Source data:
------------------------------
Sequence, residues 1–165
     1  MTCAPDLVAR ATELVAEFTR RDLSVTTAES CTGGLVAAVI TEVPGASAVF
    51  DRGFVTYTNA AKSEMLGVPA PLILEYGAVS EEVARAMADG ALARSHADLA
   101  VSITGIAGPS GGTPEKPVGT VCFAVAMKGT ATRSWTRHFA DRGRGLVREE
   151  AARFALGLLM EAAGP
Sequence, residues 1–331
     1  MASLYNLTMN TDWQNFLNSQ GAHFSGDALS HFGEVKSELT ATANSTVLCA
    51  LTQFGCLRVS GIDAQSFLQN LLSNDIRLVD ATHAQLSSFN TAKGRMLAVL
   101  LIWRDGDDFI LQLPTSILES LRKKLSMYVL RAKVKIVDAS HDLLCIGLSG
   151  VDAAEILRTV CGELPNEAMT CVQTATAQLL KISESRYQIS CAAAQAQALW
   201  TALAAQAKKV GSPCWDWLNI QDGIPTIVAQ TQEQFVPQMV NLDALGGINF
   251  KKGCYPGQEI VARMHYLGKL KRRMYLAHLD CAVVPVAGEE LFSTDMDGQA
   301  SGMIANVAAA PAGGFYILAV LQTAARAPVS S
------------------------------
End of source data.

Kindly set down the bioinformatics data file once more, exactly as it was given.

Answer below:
Sequence, residues 1–165
     1  MTCAPDLVAR ATELVAEFTR RDLSVTTAES CTGGLVAAVI TEVPGASAVF
    51  DRGFVTYTNA AKSEMLGVPA PLILEYGAVS EEVARAMADG ALARSHADLA
   101  VSITGIAGPS GGTPEKPVGT VCFAVAMKGT ATRSWTRHFA DRGRGLVREE
   151  AARFALGLLM EAAGP
Sequence, residues 1–331
     1  MASLYNLTMN TDWQNFLNSQ GAHFSGDALS HFGEVKSELT ATANSTVLCA
    51  LTQFGCLRVS GIDAQSFLQN LLSNDIRLVD ATHAQLSSFN TAKGRMLAVL
   101  LIWRDGDDFI LQLPTSILES LRKKLSMYVL RAKVKIVDAS HDLLCIGLSG
   151  VDAAEILRTV CGELPNEAMT CVQTATAQLL KISESRYQIS CAAAQAQALW
   201  TALAAQAKKV GSPCWDWLNI QDGIPTIVAQ TQEQFVPQMV NLDALGGINF
   251  KKGCYPGQEI VARMHYLGKL KRRMYLAHLD CAVVPVAGEE LFSTDMDGQA
   301  SGMIANVAAA PAGGFYILAV LQTAARAPVS S